The Bright Side


There is an upside and a downside to almost anything that life brings our way, even a bad economy. Sure, it’s hard to find the bright side of gas prices that have climbed above $4 a gallon. For that, be sure to thank your liberal environmentalist friends next time you see them. The Wilderness Society and the Sierra Club deserve a note of thanks with a few specially chosen words for blocking every effort to utilize American energy resources in Alaska or offshore. Let them know how good it feels to be green, even if you don’t have any green left in your wallet.

But wait, we’re looking on the bright side, right? Well, the bright side of high energy costs could be that even the latte leftists might be forced to look within our own borders to find new energy sources. Finally, perhaps, we can get past the fear-mongering environmentalists who have nixed every alternative and stuck us with land-grabbing, price-inflating, famine-producing, engine-destroying, mileage-reducing ethanol. Maybe we can finally drill for some American oil, build some nuclear power plants, and get on with life.

We Americans have been happily spoiled by the riches of our land and our amazing, but hard-earned, high standard of living. Maybe the upside to a down economy is the reminder it brings of the days when life wasn’t so easy, when budgets were tighter. Because those memories aren’t all bad. Remember when you worked harder and pinched every penny? A lot of people would call those the “good old days” and truly mean it.

Sometimes we forget how to make lemonade out of lemons. And we forget the sweet taste of that lemonade. See if any of these ideas could make this summer smoother and more profitable.

Ten ways to make lemonade out of lemons in a bad economy:

1) Steak is overrated, so save your money and instead throw a good sausage or bratwurst on the grill.

2) Take a swing in the backyard hammock. It’s the cheapest, most relaxing summer entertainment around, and it will lower your blood pressure.

3) Who needs expensive, filling microbrews or Starbucks beverages that take a master’s degree in nutrition to order? Grab a Bud Lite, or better yet, brew up a batch of homemade sun tea every morning. Hey, it’s solar-powered.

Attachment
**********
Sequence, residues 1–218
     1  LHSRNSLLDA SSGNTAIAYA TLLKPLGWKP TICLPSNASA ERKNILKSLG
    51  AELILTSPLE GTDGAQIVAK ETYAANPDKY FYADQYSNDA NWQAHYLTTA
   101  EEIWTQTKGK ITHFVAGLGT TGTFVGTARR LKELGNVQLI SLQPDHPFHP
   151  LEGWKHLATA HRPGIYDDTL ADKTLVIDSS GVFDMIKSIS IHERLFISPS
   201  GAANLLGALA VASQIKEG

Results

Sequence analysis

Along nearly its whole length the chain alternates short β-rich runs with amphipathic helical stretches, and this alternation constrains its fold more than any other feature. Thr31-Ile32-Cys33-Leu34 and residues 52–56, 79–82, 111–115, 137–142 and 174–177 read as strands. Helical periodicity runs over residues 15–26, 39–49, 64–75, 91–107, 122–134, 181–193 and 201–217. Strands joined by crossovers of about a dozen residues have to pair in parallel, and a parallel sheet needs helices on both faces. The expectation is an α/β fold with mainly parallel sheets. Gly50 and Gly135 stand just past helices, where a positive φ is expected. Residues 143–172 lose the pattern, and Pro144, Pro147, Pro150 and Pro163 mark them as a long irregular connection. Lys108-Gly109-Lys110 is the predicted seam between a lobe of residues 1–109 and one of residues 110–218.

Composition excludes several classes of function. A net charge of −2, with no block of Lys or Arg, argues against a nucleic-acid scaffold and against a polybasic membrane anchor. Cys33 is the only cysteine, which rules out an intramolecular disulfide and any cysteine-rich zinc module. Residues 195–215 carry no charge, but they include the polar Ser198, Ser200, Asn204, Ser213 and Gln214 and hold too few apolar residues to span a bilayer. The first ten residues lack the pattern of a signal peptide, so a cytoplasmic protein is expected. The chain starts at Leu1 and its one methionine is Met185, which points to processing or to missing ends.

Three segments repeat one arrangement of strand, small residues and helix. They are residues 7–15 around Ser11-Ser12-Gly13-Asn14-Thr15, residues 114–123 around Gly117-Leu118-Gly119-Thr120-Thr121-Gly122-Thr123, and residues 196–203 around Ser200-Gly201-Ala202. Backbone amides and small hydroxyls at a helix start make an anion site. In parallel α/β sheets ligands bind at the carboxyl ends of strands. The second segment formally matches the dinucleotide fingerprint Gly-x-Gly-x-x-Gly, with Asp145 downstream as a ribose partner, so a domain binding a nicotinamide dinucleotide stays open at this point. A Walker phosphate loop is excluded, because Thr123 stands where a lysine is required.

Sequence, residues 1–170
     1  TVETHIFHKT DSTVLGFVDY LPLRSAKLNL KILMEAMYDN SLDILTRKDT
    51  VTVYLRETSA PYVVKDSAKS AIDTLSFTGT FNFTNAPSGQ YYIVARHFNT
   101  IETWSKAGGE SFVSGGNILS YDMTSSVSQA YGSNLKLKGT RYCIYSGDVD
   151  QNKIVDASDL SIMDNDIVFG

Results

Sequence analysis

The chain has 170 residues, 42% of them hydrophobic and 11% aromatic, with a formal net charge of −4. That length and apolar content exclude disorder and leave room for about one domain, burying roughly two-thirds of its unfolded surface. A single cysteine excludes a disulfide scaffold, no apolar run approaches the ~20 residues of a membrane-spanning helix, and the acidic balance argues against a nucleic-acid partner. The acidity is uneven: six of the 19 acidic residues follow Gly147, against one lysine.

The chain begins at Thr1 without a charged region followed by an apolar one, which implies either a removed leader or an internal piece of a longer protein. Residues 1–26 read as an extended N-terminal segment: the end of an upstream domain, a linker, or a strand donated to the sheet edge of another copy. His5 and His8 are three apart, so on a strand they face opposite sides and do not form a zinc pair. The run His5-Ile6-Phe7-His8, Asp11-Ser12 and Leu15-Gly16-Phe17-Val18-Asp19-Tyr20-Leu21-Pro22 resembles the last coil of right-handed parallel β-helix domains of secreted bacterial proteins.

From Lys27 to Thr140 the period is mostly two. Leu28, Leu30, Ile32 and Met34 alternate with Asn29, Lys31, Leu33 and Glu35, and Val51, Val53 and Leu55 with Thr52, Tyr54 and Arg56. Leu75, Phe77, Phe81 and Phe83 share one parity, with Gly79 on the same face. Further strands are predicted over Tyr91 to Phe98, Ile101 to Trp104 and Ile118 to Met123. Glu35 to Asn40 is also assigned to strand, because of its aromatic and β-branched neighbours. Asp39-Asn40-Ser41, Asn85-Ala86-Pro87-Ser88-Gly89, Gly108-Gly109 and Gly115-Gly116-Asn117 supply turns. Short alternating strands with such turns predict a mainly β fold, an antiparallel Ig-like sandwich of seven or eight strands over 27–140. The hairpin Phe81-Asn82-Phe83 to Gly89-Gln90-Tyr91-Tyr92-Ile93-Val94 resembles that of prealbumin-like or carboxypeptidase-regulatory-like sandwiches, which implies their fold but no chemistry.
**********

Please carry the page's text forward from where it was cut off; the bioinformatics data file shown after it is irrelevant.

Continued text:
4) Do your own yardwork. Get out there and mow the lawn, trim the shrubs, plant the flowers. Not only will you shape up and slim down, you could help solve the immigration crisis.

5) Rediscover the library. Literacy is underrated, and a few well-chosen classics can make the summer fly by. Besides, movies are expensive, and the over-paid, spoiled movie stars are part of the problem.

6) Avoid the family reunion picnic. Think of the money you’ll save on therapy.

7) Put your kids to work. While you bulk up the family income and teach the kids a thing or two about hard work, the whole neighborhood benefits from cheap Kool-Aid and low-priced lawn mowing services.

8) Make massive quantities of potato salad. It’s cheap and delicious. And ethanol production has sent the prices soaring on corn on the cob.

9) Keep your political contributions for 2008 in your pocket. If you’re a Democrat, they don’t need you — it’s already in the bag. If you’re a Republican, this year is going to be a ride on “The Minnow” — lost at sea.

10) Discover home remedies. Grow your own backyard herbal medicines and beat back those skyrocketing doctor bills. If you don’t have a green thumb, don’t worry. A good shot of whiskey cures just about anything. Just ask the Eastside Guy.

BrainstormNW - June 2008

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